Last week, sports psychologist Dr. Ken Ravizza passed away unexpectedly. I really admired Dr. Ravizza's teachings and tried to integrate them into my professional practice. Over time, I came to realize the huge value in his simply teachings and the significant impact these had on my strength and conditioning practice in terms of producing outcomes.
God bless, Dr. Ravizza, you will be sorely…Continue
Added by John Mikula on July 15, 2018 at 6:41am — No Comments
How do you gauge response from exercise? It's an important topic for athletes and one that doesn't come-up too often. Personally, I prefer to try and get feedback from athletes on a workout by workout basis regarding how they're feeling (healthy, ok, not healthy).
At first, I think many athletes are reluctant to provide this information for fear of how they may be viewed, but over time and when trust is built I've…Continue
Added by John Mikula on May 30, 2018 at 8:31pm — No Comments
Here's a few definitions that have a lot of meaning in training:
Organism: a form of life made up of mutually interdependent parts that maintain vital processes.
Machine: an apparatus consisting of interrelated parts with separate functions used in the performance of work.
Interesting how these two words are similar, but vastly different. Yet, in the training world the connotation is often to train the body like a machine. In all…Continue
Added by John Mikula on May 16, 2018 at 9:25pm — No Comments
It doesn't matter what your training for, the reality is that all training is specific to how and in what manner you train. That's pretty simple right? I prudent review of comprehensive literature supports this notion. In this context, using exercises like barbell squats to improve sprint speed almost makes zero sense. Why, sure barbell squats can improve leg strength, but so can a lot of other exercises. In a very, very minimal sense barbell squats don't…Continue
Added by John Mikula on March 3, 2018 at 7:17am — No Comments
I use the heck out of notecards for just about every aspect of strength and conditioning planning. They are compact and easy to use; however, unformatted notecards can be uninviting to use. So, I design and format my own cards and put them in my Coach's Companion planner.
This card is formatted for a pre-hab circuit. Pre-hab is a very important aspect of comprehensive strength and conditioning. In some cases,…Continue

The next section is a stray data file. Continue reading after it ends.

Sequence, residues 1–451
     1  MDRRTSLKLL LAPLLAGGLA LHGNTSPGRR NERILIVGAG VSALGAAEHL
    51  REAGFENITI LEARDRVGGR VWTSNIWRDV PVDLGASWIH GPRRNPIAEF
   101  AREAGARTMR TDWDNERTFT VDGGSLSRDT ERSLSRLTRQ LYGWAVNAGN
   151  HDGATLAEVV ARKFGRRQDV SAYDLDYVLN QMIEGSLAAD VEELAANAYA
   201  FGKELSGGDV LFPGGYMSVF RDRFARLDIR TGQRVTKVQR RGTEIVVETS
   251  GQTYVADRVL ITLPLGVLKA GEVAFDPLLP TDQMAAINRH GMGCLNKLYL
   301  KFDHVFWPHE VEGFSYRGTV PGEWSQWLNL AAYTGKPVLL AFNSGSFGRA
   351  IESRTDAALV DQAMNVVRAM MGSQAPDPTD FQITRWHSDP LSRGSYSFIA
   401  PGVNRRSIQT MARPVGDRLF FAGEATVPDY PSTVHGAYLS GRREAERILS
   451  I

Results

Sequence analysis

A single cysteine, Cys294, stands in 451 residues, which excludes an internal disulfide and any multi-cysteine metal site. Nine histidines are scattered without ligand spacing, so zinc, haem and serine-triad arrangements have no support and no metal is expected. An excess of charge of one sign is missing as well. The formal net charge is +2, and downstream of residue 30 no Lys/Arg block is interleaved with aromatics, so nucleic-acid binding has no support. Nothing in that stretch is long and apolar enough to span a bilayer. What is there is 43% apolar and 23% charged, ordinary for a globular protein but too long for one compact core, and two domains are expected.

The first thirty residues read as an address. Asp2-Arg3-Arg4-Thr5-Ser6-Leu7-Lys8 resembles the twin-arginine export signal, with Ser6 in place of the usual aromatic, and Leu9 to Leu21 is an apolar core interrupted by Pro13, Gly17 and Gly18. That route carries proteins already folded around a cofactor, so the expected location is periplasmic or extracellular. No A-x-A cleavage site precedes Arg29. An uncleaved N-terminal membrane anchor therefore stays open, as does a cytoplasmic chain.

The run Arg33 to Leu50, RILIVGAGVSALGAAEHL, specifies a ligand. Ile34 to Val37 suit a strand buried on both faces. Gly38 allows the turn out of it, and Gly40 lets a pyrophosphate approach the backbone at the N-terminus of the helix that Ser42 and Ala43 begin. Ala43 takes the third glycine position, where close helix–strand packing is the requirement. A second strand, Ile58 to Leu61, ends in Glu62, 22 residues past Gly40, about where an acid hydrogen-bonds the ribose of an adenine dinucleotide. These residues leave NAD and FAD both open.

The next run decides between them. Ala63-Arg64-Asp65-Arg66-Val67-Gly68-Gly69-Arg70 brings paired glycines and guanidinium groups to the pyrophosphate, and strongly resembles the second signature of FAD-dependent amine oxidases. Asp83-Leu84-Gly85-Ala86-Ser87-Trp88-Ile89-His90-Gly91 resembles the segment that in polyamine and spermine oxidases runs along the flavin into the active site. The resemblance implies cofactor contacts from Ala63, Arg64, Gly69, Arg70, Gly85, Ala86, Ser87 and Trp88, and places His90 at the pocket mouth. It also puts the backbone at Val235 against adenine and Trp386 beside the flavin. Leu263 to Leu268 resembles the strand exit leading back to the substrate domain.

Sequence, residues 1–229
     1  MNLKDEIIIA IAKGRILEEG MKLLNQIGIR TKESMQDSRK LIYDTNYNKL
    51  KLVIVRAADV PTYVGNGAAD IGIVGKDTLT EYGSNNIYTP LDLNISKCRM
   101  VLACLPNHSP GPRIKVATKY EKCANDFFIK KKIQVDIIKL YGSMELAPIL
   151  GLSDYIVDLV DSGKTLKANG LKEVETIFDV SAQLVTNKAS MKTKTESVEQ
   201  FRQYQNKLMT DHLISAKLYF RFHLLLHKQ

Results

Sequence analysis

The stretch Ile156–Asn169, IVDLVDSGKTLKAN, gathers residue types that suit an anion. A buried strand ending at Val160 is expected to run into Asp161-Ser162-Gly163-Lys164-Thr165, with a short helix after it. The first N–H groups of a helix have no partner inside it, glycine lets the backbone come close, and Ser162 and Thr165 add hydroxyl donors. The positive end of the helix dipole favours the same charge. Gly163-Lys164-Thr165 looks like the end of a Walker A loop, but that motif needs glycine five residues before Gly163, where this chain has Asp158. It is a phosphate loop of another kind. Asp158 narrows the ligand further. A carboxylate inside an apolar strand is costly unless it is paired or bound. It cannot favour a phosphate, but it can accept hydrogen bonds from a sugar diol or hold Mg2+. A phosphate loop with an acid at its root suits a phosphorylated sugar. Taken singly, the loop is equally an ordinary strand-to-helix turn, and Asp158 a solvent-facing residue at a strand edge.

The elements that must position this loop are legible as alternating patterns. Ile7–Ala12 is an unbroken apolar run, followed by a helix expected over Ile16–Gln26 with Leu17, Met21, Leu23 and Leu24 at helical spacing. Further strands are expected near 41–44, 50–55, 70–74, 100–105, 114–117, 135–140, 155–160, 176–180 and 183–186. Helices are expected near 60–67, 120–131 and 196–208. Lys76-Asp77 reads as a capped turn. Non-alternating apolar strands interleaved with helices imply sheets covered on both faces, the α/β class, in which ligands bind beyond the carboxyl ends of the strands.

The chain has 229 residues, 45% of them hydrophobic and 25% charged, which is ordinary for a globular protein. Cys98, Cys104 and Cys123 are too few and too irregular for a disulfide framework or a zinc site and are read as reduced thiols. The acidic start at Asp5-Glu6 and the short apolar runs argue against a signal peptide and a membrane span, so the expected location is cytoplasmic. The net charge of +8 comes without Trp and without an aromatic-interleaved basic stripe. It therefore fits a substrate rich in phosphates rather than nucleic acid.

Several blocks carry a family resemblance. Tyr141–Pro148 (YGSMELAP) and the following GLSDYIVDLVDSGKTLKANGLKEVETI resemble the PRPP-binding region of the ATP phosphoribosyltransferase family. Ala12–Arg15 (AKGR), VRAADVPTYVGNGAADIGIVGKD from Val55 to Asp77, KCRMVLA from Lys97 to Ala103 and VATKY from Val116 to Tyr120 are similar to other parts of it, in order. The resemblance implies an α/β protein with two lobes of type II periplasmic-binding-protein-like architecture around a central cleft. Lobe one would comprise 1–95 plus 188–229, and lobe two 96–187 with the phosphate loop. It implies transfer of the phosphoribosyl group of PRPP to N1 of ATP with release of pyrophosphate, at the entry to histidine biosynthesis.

Added by John Mikula on March 3, 2018 at 6:48am — No Comments
I like to use whiteboards when facilitating physical training. They serve as a constructive piece of communication and can be quite an effective teaching aid. I format my whiteboards so that session information can be coordinated in the way I want it to be facilitated. I also like to use magnets with my mobile boards so that I can hang them up and free my hands to teach and/or demonstrate.…Continue
Added by John Mikula on March 3, 2018 at 6:34am — No Comments
I love to train. I love to teach and coach, too. I just have a keen interest in the whole process. Having said this, I find myself examining some strength and conditioning practices and am having difficulty making sense of training.
I don't believe the process should be too complicated in helping prepare others to do battle, functional as a tactical operator, or compete on the athletic playing field. An elemental…Continue
Added by John Mikula on February 15, 2018 at 6:34pm — No Comments
I'm not a big fan of tug of war type activities. Yeah, this is a popular team building and "toughness" type of event in strength and conditioning for athletes, but one not without potential for injury (I know it looks cool). There are a lot of other modalities that can easily take the place of tug of war. I'd like to ask what are the gains from this activity? What are the risks? Compared to other things coaches can do to engage in spirited team-building do…Continue
Added by John Mikula on January 25, 2018 at 6:32pm — No Comments
One book that I keep re-reading and referring to others is The Runner's Body by Tucker, Dugas, and Fitzgerald. The title is a little deceptive although running is the premise for the book, the information contained is somewhat global. To me, this is a must read for any…Continue
What does it mean to be physically fit for your sport? If you think you know, what are your references based off of? Personal experience, got it from a book, learned from someone else, comes from a computer program? Have you matched up the sources above with actual outcomes?